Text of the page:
" 'The King, besides his first bounty to Mr. Walker, (£5000) whose modesty is equal to his merit, hath made him Bishop of Londonderry, one of the best bishopries in Ireland. It is incredible how much every body is pleased with what his Majesty hath done in this matter, and it is no small joy to me to see that God directs him so wisely.'

"On the 19th of November, in the same year, he received the thanks of the House of Commons; and on the 26th of February following, the University of Oxford, with that regard to the Protestant interest which still characterizes it, conferred upon him the honorary degree of Doctor of Divinity. Sir Godfrey Kneller, at the king's command, drew his picture; and copperplates struck off from it were dispersed through the Three Kingdoms. In some of the prints he is drawn with a Bible open at the 20th chapter of Exodus, in one hand, and a drawn sword in the other. His garment of a purple color, and a large old-fashioned band, form a strong contrast to the military sash appearing in crimson folds about his waist. A copy of this curious print hung for half-a-century over the parlor fire-place of a tavern in Londonderry."

Another copy, said to be a more correct likeness, is in possession of his descendent, William Caldbeck, Esq. of Lisburn, Sub-Sheriff of the County Down.

_________________________________________________________________________________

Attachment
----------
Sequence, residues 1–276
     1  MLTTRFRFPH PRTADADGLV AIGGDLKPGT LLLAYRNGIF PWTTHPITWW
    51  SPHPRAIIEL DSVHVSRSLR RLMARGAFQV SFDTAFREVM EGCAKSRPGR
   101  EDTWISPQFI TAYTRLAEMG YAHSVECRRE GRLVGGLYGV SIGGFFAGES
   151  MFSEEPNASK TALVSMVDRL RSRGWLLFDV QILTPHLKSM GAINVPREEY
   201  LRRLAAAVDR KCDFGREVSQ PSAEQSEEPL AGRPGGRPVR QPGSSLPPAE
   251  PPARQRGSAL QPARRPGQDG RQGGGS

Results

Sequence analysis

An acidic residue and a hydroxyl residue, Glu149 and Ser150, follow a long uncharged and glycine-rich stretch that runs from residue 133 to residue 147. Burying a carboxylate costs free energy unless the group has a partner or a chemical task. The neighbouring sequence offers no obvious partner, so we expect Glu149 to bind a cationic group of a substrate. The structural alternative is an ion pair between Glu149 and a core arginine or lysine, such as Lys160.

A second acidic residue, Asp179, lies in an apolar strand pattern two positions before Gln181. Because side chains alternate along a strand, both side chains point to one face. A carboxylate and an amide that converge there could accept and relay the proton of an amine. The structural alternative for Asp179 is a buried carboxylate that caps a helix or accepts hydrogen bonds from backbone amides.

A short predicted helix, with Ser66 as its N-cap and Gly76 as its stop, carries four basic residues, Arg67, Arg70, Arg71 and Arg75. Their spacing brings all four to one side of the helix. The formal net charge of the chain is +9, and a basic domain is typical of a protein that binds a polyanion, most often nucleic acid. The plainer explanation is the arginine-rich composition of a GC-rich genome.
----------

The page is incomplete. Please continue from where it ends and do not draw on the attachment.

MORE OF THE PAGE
• The Inscription on the Monument runs thus:-

P.M.S. Hic juxta, Lector Reverendi Georgii Walker, S.T.D., Hujus Parochiæ olim Rectoris, Ossa Reconduntur, Ille, cujus vigilantia et virtute, Londini-Derensis Civitas (illegible) numinis ripam, Pro eadem causa, adversus eosdem hostes, Anno 1690. Occisus cecidit. Cujus reliquiis et memoriæ, Mæstissima adhuc illius vidua, Isabella Walker Hoc monumentum possuit, Anno 1703

Saxo autem erit fama perennoir, Nec futura minus qcam præsentia secula Tam pium militem, tam fortem sacerdotem Mirabuntur. ____________

Of the foregoing we annex a literal translation:-

P.M.S. Near this, Reader, are deposited the remains of the Rev. George Walker, D.D. formerly Rector of this Parish. He, by whose vigilance and valor, Londonderry, in the year 1689, was rescued from the enemies of William and the Faith, fell, mortally wounded, at the Banks of the Boyne, for the same cause, against the same enemies, in the year 1690. To whose remains and memory, his still inconsolable widow, Isabella Walker, has erected this monument, in the year 1703. ____________ But his fame shall be more durable than the rock; nor will future ages, less than the present, admire a Soldier so pious, a Minister so intrepid.